Data literacy through self tracking
Discovering that teenagers may not be inclined to immerse themselves into data work, we will this Spring be testing new concepts and ideas, to investigate how we might grab their attention.
One topic that seems to transcend age and gender is the universal subject “me”. A deeper understanding of oneself is something most people long for, and is probably part of the reason self-tracking has become such an integrated part of our everyday lives.
Teens are furthermore known for being notoriously self-absorbed, and with that in mind, we wanted to do workshops for schoolchildren using the MUSE headbands. By letting them measure their own brainwaves, we were hoping to titillate their curiosity, and motivate them to working with visualizing the data afterwards.
The MUSE headbands are very easy to set up, and we use the app Muse Monitor to track and record the brainwaves. The recordings can be directly added to a Dropbox in .csv format.
The next step is to import the data into a spreadsheet (e.g. Microsoft Excel), and without detailed knowledge of data cleaning or analysis, convert it into different charts and diagrams.
We were aware, though, that the teens needed precise instructions, in order to perform the tasks in the workshop. Still, we were surprised by how much instruction they actually needed.
They were as expected very interested in the MUSE headbands, actually so excited that they created way too many and inaccurate data sets, instead of following our instructions and focusing on getting two-three useful data sets.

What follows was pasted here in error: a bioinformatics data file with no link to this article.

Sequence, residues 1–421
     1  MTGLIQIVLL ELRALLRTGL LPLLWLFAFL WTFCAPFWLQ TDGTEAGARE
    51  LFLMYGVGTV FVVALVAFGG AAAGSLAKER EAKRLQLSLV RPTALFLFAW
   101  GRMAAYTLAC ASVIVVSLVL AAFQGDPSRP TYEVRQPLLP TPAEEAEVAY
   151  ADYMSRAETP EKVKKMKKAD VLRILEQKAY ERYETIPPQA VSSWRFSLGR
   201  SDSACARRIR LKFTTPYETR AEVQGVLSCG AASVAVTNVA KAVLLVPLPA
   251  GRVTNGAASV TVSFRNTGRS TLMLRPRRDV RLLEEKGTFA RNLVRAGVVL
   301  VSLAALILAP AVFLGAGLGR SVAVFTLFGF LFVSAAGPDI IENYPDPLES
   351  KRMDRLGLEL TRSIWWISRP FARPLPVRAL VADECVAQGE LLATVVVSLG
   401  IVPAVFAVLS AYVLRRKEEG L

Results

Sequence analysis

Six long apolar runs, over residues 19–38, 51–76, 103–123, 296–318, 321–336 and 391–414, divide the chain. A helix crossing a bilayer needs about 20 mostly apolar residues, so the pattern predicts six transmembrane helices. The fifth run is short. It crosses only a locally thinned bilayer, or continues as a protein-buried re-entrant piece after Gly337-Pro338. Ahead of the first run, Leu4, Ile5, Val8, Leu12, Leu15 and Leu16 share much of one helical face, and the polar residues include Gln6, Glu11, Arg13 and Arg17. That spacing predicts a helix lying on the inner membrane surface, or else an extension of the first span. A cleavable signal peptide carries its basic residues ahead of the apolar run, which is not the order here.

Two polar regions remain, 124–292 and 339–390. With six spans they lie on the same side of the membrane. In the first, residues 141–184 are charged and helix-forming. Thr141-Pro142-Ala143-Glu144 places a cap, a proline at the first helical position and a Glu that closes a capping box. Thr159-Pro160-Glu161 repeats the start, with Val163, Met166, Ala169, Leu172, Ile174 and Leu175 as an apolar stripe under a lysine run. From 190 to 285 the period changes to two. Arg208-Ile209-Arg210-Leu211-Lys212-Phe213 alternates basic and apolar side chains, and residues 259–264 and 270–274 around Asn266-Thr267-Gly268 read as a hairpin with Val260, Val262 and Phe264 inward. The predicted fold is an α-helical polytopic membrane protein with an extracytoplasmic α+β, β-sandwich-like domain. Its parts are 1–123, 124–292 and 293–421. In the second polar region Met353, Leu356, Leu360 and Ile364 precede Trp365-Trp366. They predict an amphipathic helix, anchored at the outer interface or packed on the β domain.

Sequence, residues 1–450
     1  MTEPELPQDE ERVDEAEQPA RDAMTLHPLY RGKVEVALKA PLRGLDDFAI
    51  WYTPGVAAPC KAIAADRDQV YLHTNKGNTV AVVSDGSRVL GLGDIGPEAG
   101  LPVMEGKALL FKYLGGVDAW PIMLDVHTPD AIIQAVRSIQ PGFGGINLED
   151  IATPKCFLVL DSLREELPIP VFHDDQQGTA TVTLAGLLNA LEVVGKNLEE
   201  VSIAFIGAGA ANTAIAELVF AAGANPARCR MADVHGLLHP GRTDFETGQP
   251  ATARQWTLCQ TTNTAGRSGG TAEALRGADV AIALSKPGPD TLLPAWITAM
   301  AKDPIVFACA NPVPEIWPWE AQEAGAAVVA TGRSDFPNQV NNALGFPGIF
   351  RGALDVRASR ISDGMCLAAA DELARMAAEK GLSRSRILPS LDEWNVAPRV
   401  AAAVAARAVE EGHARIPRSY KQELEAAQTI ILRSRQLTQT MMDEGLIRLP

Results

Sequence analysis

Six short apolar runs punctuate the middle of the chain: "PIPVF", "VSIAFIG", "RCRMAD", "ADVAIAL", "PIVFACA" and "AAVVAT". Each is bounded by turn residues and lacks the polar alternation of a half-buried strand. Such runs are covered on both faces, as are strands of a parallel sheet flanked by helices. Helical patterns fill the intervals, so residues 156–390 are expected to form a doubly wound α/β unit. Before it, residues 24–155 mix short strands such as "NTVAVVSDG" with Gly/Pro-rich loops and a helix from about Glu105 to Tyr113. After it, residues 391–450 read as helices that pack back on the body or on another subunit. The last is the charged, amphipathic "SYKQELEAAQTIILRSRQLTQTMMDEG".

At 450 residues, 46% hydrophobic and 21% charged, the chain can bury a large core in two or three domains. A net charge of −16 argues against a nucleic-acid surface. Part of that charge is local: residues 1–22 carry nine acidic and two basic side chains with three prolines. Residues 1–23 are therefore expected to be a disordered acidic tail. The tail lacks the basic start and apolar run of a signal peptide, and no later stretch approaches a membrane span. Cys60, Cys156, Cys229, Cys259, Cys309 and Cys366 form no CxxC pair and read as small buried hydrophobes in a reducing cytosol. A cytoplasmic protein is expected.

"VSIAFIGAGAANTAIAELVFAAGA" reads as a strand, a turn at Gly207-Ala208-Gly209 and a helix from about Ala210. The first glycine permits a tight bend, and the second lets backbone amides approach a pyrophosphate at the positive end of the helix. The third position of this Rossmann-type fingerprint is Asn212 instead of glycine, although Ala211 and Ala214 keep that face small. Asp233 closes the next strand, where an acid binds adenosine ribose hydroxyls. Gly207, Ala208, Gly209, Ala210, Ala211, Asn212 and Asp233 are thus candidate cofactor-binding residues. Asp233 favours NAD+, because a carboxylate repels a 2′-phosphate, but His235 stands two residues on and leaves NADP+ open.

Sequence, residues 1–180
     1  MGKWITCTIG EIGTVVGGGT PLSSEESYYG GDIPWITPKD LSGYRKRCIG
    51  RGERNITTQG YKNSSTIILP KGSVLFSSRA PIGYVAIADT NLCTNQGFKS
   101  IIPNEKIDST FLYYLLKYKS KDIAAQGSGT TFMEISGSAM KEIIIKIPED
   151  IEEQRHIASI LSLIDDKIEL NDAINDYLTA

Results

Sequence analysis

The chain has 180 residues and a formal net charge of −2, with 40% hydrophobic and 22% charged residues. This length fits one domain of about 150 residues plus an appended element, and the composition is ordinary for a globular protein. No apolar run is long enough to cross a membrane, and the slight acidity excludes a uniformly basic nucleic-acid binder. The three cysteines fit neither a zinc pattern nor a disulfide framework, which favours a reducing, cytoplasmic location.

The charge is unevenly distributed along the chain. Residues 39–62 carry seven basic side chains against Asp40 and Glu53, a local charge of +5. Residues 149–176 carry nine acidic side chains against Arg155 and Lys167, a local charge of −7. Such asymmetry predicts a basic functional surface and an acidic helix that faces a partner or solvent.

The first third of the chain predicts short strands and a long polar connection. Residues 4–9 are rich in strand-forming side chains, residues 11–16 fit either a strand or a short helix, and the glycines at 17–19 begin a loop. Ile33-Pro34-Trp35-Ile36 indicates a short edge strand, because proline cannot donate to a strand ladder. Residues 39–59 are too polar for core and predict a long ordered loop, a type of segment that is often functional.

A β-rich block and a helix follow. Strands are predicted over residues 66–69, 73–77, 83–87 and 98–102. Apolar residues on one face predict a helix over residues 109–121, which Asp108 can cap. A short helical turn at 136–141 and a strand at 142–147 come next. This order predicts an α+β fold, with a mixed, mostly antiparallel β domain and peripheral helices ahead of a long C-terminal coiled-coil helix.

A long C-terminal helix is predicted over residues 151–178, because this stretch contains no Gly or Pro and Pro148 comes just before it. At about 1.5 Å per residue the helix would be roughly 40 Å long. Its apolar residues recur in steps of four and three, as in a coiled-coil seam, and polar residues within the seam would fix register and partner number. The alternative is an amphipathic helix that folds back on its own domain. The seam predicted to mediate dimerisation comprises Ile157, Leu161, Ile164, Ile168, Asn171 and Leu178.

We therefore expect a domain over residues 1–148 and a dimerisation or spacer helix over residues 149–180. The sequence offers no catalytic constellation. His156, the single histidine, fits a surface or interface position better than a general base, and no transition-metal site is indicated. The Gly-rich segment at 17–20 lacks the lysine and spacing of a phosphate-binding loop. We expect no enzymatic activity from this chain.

Another challenge was the openness in interpreting brainwaves. The teens were expecting to get a straight answer – e.g. if my brainwaves look like this, it is because I’m [smart or creative or easygoing or…] and working with brainwaves (and especially as your only source of input) there is no clear 1-to-1 mapping. So, they were a little disappointed by the results.
“They were scientists finding out the best ways to get teenagers to be sleepy (and get to bed at an reasonable hour).”
On the positive side, they were engaged and all of them eager to see their own brainwaves. They were also convinced by the frame of the workshop: They were scientists finding out the best ways to get teenagers to be sleepy (and get to bed at an reasonable hour). Though the concept of a study design was both difficult and new to them.
At this moment we are adjusting the scope and structure of the workshop. We need even more detailed instructions and we need to scale down a little to spend more time on the essentials:
- Study design: What does the angle of our research mean in terms of the data we collect?
- Data gathering: Why is it crucial we follow our initial study design instead of just going with the flow and creating lots of excess data?
- Data visualization: What happens when we clean and analyse data, so it can presented in a visually appealing way?
- Datastory: How do we create a context or narrative around our data, to make it compelling?
When we are done adjusting, we will be doing another set of workshops for schools during Fall 2019. We will later this spring also be testing the MUSE headbands with the library users, and see if they will be equally curious to see their own brainwaves.